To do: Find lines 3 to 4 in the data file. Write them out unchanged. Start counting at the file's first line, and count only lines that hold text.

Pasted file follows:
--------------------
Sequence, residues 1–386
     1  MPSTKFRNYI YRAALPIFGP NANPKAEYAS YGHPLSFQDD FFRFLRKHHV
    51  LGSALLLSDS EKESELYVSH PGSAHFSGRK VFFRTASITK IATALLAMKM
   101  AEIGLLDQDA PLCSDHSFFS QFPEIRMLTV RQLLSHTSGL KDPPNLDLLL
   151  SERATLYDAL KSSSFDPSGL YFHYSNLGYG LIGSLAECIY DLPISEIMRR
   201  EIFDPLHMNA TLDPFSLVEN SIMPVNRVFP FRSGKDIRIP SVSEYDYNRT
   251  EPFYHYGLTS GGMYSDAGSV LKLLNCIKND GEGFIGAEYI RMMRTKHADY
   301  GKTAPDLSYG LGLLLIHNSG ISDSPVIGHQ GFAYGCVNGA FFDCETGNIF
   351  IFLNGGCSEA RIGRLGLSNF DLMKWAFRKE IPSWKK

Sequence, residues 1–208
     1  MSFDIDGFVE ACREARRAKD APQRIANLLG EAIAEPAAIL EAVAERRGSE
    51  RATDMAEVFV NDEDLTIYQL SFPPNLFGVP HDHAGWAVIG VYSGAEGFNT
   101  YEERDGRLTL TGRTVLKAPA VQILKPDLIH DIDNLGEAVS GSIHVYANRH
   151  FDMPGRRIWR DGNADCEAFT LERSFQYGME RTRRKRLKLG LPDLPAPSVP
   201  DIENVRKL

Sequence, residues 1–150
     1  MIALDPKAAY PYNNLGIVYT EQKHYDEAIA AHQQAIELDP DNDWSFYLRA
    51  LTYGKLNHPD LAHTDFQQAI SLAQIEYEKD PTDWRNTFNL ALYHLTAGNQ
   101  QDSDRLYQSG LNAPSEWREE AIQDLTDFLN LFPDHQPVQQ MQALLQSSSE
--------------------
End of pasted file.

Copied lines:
    51  LGSALLLSDS EKESELYVSH PGSAHFSGRK VFFRTASITK IATALLAMKM
   101  AEIGLLDQDA PLCSDHSFFS QFPEIRMLTV RQLLSHTSGL KDPPNLDLLL